Saturday, April 19, 2014
By Bob Keyes firstname.lastname@example.org
Denis "Dee" Dauphinee grew up in Bangor, the youngest of eight children, in a family with a long legacy of humor. His quick-witted father always seemed to have a joke at just the right moment. His mom had a good sense of humor too. He remembers spending much of his youth laughing.
Dee Dauphinee with Allagash guide Wade Kelly, who is blowing a moose call
So it's of little surprise that his new book about fly-fishing, life and the natural wonders of Maine is full of laughs.
"It's part of the family tradition," he said.
Dauphinee fishes more often than not. Last year, he figures he fished four days a week, which is pretty remarkable given that he works full-time as a surgical assistant, writes regularly and is a husband and father of two.
"Give me an hour and I'll be fishing," he said, adding that he does not necessarily recommend such dedication to the sport.
"The path to great fishing is as narrow as a razor's edge," he added with a laugh.
One does not have to love fishing to appreciate Dauphinee's "Stoneflies & Turtleheads: A Maine Flyfisher's Misadventures," published by Unity-based North Country Press.
One just has to appreciate a good read by a middle-age Mainer who has spent much of his life traveling the world and observing others.
The book reads like a personal journey. Readers come away with a sense of Dauphinee's life beyond fishing. We spoke by phone last week.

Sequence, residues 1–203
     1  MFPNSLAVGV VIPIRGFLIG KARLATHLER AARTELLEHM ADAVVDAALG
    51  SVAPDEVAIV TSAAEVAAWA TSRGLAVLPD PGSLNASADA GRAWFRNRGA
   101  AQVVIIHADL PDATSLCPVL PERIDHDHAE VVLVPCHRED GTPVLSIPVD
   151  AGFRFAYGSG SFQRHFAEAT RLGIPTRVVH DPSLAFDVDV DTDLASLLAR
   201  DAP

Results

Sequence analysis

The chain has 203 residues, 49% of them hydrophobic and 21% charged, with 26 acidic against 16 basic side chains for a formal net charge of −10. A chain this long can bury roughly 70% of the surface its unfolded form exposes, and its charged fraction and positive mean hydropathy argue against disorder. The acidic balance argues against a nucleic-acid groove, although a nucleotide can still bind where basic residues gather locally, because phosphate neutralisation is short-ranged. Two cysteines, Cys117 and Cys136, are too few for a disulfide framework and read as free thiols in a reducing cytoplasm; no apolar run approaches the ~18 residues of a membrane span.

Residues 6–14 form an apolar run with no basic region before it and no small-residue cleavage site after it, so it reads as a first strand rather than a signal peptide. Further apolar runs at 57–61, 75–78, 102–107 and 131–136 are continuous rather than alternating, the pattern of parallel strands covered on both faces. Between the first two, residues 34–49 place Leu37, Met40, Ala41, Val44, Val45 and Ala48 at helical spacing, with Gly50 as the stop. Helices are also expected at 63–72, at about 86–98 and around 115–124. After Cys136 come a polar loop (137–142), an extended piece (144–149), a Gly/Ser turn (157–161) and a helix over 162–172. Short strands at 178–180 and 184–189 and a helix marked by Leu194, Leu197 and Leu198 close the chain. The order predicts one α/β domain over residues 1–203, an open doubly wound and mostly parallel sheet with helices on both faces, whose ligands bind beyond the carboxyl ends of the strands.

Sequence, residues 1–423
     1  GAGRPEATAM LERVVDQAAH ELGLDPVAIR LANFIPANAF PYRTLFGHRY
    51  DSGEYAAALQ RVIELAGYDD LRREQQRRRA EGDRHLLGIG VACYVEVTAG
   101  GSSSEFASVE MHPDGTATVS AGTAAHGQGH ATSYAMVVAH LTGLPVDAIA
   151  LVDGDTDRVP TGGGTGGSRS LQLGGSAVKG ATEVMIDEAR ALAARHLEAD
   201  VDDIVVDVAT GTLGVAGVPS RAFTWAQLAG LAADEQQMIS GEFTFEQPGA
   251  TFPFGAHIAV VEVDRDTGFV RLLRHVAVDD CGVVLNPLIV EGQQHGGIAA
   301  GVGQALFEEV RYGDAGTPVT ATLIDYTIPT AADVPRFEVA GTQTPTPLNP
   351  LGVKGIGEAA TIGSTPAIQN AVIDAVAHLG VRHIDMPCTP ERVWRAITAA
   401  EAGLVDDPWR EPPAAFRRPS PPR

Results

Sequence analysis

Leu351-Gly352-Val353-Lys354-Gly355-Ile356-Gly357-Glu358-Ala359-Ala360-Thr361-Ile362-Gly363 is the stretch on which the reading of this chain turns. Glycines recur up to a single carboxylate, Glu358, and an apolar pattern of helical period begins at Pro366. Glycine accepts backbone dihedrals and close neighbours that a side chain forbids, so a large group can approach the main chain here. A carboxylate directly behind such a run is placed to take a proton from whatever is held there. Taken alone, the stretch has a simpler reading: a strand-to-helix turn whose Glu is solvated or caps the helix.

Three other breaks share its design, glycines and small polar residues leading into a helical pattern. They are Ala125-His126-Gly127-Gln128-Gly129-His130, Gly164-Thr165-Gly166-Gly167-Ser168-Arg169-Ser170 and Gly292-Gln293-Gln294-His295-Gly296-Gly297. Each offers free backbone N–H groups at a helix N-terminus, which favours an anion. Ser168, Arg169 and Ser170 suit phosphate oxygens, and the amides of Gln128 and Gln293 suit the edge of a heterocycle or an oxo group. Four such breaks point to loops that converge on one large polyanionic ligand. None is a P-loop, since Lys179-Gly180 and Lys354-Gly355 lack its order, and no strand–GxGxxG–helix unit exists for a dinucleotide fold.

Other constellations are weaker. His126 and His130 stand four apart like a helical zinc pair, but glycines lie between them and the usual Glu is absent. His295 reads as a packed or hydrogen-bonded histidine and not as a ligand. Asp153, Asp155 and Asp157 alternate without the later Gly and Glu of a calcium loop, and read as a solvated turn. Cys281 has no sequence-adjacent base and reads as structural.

Q: This is a book about fly-fishing, but it covers a lot of turf. It seems more to be a book about Maine and Mainers and how we live. Was that your goal?
A: The goal was pretty simple; I like good stories, and I wanted to tell some. I've been very lucky to have fished around the world, and if you do that enough, the anecdotes become stories.
Q: I appreciated your sections about Maine speech and the mispronunciations that drive you nuts. Do you keep notes during your travels?
A: I keep notes every day, no matter where I am. Today, I stopped in at the Fogler Library at UMO just to take a quick look at something, and came out with six pages of a composition book filled. It's a problem with me.
Q: How long have you been fishing?
A: Since before I can remember. Caught my first trout on a fly at the headwaters of the Pleasant River, the one in Washington County. It was only a 6-inch brookie, but I was only 13. It might as well have been a 70-pound tarpon. At that moment, I was smitten with fly-fishing, and still am.
Q: What do you like about it?
A: I've tried about every sport out there, and in no others can I find the same focused solitude.
You can be wading a beautiful stream somewhere, bathed in the warm, morning sunlight, with your mind innocent of life's daily considerations, when suddenly you are confronted with excitement and calmness.
If you're not careful, it can confuse you, in a good way.
Q: Why is fly-fishing such a brotherhood?
A: I think because more than any other mode of angling, fly-fishers are really tuned in to the fish -- their food, their biology, their needs. Fly-fishers study the fish and the waters, and eventually they learn to appreciate the river ecology and become stewards of the rivers, streams and lakes.
Q: Who did you write this book for? Who is your audience?
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